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Market Knows Dollar 'Has No Clothes': Asset Manager

Thursday, 31 Mar 2011 | 5:35 AM ET

The dollar sits on the edge of an abyss, with its reserve currency status at risk as America loses its political and military dominance according to David Murrin, the chief investment officer and senior partner at Emergent Asset Management.

CNBC.com

“The failure of the dollar to bounce in any meaningful way following the revolutions in the Middle East and North Africa shows the world is losing confidence in the dollar,” Murrin told CNBC.com on Thursday.

“The market has realized that the dollar has no clothes, the dollar's long-term decline is happening already,” Murrin added.

As a contrarian investor, Murrin said he found it difficult to join the huge amount of dollar bears but when looking at the situation in the world, he could not see any reasons to hold the dollar .

“You have the challenge of China, you have Obama’s indecision on Libyaand a possible war in North Africa that will further drain American resources following wars in Iraq and Afghanistan. You have indecision everywhere from government spending to energy policy, which is dangerous given the challenges America faces,” he said.

The West: Denial and Decline
David Murrin, Chief Investment Officer at Emergent Asset Management told CNBC stagflation was a reality and would "destroy our wealth" in the West, which he added was in "denial" about the potential of the New World, led by China.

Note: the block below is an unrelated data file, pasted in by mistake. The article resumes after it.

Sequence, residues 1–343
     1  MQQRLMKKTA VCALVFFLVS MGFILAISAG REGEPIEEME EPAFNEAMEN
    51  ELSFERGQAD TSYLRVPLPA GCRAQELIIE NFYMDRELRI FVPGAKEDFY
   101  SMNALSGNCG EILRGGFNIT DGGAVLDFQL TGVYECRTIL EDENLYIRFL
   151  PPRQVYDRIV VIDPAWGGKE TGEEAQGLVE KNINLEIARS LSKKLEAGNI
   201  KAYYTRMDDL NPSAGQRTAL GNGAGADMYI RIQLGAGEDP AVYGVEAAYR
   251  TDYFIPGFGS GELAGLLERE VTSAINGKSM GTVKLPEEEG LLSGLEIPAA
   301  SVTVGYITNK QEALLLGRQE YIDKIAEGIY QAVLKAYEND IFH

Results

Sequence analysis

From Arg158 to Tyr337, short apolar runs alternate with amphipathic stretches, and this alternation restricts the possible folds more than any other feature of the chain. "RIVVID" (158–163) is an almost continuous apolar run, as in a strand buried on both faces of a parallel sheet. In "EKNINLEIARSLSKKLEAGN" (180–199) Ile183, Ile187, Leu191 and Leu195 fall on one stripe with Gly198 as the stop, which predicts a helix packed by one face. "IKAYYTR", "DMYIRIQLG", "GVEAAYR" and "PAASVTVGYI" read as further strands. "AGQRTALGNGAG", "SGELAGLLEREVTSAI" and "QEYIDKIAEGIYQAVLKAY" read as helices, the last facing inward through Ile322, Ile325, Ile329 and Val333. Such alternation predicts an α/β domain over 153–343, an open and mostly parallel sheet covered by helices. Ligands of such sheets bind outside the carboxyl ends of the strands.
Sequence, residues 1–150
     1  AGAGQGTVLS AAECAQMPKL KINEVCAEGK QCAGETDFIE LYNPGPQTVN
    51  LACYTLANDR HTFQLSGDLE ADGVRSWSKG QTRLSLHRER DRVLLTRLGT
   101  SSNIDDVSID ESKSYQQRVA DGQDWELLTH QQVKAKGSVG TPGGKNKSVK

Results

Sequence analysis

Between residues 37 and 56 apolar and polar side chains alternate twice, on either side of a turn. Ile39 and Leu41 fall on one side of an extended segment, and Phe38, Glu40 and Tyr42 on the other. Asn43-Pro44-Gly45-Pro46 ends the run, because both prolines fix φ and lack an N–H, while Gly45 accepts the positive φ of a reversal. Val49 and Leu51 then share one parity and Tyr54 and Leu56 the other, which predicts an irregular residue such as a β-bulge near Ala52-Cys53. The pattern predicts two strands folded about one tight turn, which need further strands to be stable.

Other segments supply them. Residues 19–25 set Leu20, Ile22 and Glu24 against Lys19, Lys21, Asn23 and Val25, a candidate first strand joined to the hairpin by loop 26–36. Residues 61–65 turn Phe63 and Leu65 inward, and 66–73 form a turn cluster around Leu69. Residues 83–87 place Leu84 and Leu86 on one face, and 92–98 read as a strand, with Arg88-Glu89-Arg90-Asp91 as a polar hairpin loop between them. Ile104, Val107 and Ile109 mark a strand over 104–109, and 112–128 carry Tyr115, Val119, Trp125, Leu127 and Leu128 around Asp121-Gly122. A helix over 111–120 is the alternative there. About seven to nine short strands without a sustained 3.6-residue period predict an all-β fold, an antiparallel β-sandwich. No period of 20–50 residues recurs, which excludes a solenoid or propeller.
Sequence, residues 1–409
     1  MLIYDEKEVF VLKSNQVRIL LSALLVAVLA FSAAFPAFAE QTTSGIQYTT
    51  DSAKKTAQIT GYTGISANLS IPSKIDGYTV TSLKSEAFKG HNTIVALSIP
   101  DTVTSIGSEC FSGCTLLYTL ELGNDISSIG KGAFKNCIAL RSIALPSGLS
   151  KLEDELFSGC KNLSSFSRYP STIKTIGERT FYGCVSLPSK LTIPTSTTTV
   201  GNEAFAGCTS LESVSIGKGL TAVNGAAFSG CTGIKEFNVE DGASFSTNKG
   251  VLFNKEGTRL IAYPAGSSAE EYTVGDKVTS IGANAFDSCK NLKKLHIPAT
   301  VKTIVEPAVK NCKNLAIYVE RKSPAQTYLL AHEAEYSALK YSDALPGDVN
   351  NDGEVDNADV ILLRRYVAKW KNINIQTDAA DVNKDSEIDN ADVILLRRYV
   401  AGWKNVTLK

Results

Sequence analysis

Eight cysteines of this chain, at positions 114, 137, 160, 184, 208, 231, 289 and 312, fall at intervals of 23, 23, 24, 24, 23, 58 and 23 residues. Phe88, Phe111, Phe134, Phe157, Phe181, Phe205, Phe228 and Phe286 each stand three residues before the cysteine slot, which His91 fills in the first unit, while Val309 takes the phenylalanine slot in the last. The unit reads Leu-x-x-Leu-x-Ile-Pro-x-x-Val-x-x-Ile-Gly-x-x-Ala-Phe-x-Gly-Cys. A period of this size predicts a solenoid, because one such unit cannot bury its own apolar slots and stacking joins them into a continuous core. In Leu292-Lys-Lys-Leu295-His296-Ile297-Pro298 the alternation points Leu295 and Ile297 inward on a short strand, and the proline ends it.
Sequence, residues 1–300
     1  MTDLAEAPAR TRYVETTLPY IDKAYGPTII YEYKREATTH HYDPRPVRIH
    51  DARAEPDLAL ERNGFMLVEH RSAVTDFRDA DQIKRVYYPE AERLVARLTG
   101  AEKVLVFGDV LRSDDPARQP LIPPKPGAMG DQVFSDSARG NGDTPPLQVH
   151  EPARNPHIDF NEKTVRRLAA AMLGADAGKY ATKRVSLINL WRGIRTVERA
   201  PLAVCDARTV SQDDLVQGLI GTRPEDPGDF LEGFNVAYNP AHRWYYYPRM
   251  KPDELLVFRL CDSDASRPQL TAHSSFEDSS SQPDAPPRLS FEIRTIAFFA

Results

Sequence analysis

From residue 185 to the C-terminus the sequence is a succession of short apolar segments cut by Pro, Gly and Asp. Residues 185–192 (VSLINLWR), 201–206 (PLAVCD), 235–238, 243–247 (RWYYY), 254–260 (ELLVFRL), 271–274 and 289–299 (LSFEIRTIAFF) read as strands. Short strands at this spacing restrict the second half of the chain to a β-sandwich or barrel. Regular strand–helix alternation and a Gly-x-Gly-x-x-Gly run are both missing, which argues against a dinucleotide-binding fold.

The collapse of governments in North Africa and possibly the Gulf shows the failure of US foreign policy as a model, he added.

“This is nothing less than a failure in confidence in the power of the US as the world's political and military giant,” Murrin said.

So how would you trade Murrin’s view of the decline of America as a superpower?

“The dollar will trade sideways for a time until the next, big lurch downwards. The money, for want of a better place to go that can handle huge liquidity, will head for the euro and the yen,” said Murrin, the author of a recent book, "Breaking the Code of History", which focused on the rise and fall of empires across the ages.

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